- Turn the chuck clockwise until you hear a ratcheting sound.
Problem 3: The Chuck is Dirty
The drill chuck can get dirty due to dust and oily substances such as lubricants.
If you have a source of compressed air, that’s probably the fastest and easiest way.
Follow the below step to clean the chuck,
Step 1: Remove the chuck from the drill.
Step 2: Remove the chuck from the drill press, open the jaws completely, and blast out as much debris as you can using compressed air.
Step 3: Scrub the chuck’s inside with a toothbrush and mineral spirits from the jaw end while holding the chuck above your head.
Step 4: Repeat several times until you get no more debris.
For more knowledge check the video.
Drill chuck cleaning
If you don’t have compressed air, you can use a microfiber cloth or damp rag instead of it. And follow as given below,
Step 1: Remove the chuck from the drill.
Step 2: A microfiber cloth may be inserted inside the chuck once its jaws have been opened all the way.
Step 3: Do your best to twist it around, cleaning the inside of the chuck.
Problem 4: The Drill Bit is Crooked
The reason behind crooked drill bit are given below,
- Crooked during installation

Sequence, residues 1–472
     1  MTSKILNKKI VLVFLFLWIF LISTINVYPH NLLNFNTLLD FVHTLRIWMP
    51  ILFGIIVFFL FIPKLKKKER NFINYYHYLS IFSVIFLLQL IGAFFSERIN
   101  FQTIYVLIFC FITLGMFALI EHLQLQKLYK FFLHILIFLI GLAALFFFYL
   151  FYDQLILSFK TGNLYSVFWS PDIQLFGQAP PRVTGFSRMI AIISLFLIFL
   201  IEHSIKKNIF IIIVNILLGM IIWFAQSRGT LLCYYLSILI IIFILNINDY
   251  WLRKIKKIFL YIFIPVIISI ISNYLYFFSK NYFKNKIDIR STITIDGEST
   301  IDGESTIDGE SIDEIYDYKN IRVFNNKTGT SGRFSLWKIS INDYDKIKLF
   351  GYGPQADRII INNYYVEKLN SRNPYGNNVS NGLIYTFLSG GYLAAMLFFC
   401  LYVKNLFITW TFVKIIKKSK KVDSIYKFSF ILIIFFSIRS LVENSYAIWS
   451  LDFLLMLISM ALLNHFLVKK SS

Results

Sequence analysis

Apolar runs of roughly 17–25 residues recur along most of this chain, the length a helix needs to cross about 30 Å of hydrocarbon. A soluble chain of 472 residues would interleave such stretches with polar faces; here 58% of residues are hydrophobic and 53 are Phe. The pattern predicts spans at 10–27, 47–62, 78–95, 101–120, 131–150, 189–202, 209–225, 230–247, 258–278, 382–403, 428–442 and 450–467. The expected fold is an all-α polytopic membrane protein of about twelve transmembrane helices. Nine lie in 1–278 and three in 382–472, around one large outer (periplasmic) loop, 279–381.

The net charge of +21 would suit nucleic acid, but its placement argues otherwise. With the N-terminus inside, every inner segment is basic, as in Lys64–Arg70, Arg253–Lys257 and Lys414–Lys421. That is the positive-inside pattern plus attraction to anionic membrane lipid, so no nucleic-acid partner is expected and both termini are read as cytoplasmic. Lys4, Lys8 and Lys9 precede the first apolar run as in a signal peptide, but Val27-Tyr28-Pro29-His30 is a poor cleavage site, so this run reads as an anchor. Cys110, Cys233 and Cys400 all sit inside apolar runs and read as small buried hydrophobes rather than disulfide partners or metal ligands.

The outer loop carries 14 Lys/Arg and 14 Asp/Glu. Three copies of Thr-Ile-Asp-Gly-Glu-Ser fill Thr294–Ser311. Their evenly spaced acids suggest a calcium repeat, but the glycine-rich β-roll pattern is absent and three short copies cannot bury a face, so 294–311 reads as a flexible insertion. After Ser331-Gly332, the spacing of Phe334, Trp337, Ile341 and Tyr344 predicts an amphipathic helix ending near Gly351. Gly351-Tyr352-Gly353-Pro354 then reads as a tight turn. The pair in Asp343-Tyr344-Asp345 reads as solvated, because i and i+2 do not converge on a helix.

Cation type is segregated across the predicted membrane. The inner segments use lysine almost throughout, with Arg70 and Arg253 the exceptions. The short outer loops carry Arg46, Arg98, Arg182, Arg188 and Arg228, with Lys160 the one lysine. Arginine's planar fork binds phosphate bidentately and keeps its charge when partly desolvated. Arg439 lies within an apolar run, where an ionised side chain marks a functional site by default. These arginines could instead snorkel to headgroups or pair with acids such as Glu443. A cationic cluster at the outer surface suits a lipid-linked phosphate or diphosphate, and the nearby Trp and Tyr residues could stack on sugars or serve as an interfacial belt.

- Crooked during using drill
If your drill bit is crooked somehow, it’s impossible to reuse it, in that case, you need to replace the bit.
You have an alternative, make sure your drill bit is inserted straight in the jaws of the drill. When working with small twist-bit drill bits, it’s really easy to accidentally insert the bit at an angle.
For better bits, you can choose one bit from Norseman or Vikings bits.
Problem 5: Chuck is stuck
The reason behind your chuck being stuck,
- Broken key chuck
- Incorrectly sized key chuck
- Internal screw loosening problem
- Too-tight chuck.
The drill chuck’s internal screw may be loose, so be sure you tighten it if the chuck won’t close. To tighten it follow the above steps.
If you think you need to change the drill chuck to fix the issue, here’s how to do it.
There are many other Milwaukee drill stuck problem solutions and we mention here the most common solutions.
Why Is My Chuck Not Spinning?
When a drill won’t spin straight, it’s usually because the bit isn’t centered in the chuck. To solve this problem, be sure The drill bit must be completely inserted and secured in the chuck’s centre.
Which Way Do You Turn A Chuck To Loosen?
To tighten or loosen a keyless chuck, just turn the chuck’s outer casing. Turning the chuck counterclockwise while holding the drill with the chuck facing away from you will tighten the jaws around the drill bit while turning it clockwise will loosen them.
What Are The Settings On A Drill Chuck?
Every chuck has three settings. The 1st setting is ideal for driving screws because of its low speed and high torque. The speed and torque of setting 2 are just right for general drilling and driving. The 3rd setting is ideal for drilling or driving fasteners.
Milwaukee drill chuck problems can ruin your drill-using experience. And most of these problems occur because of a cheap chuck. Try out these solutions until your drill works properly, and then report back to us on how effective they were.